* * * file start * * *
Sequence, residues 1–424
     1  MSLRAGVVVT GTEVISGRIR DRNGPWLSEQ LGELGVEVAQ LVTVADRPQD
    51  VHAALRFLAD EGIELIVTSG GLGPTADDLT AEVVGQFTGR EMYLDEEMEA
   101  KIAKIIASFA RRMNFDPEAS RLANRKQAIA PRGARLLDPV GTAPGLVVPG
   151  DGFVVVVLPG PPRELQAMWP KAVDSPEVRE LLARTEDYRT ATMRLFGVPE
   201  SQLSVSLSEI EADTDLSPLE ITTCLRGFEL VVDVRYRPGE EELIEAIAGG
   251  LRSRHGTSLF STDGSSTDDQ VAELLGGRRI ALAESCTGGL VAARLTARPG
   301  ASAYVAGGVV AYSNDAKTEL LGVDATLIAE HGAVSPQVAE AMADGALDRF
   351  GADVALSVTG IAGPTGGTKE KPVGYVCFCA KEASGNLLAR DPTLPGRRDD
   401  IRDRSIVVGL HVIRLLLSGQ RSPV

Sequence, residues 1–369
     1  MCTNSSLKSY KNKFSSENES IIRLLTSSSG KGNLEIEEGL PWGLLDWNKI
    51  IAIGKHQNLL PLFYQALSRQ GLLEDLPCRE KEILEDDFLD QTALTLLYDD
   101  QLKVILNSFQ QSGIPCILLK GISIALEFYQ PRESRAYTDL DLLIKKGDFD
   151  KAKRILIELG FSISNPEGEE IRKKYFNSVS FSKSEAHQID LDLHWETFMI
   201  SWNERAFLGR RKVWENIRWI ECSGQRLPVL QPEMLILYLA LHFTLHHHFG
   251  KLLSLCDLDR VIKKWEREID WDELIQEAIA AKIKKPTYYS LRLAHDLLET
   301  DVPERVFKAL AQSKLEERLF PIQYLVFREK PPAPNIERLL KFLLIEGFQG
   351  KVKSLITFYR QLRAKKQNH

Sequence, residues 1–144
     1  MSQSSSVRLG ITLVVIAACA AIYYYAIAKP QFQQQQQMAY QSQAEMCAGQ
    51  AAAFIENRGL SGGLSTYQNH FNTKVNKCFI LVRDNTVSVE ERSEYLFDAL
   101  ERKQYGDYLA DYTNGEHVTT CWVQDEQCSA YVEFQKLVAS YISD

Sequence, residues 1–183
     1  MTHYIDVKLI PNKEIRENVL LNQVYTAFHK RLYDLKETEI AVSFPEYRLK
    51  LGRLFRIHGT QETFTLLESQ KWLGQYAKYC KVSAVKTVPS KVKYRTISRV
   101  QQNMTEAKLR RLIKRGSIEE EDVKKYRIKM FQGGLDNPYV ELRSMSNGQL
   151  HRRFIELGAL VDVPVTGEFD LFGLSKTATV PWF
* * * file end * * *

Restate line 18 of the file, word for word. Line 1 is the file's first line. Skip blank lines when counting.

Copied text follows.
   301  DVPERVFKAL AQSKLEERLF PIQYLVFREK PPAPNIERLL KFLLIEGFQG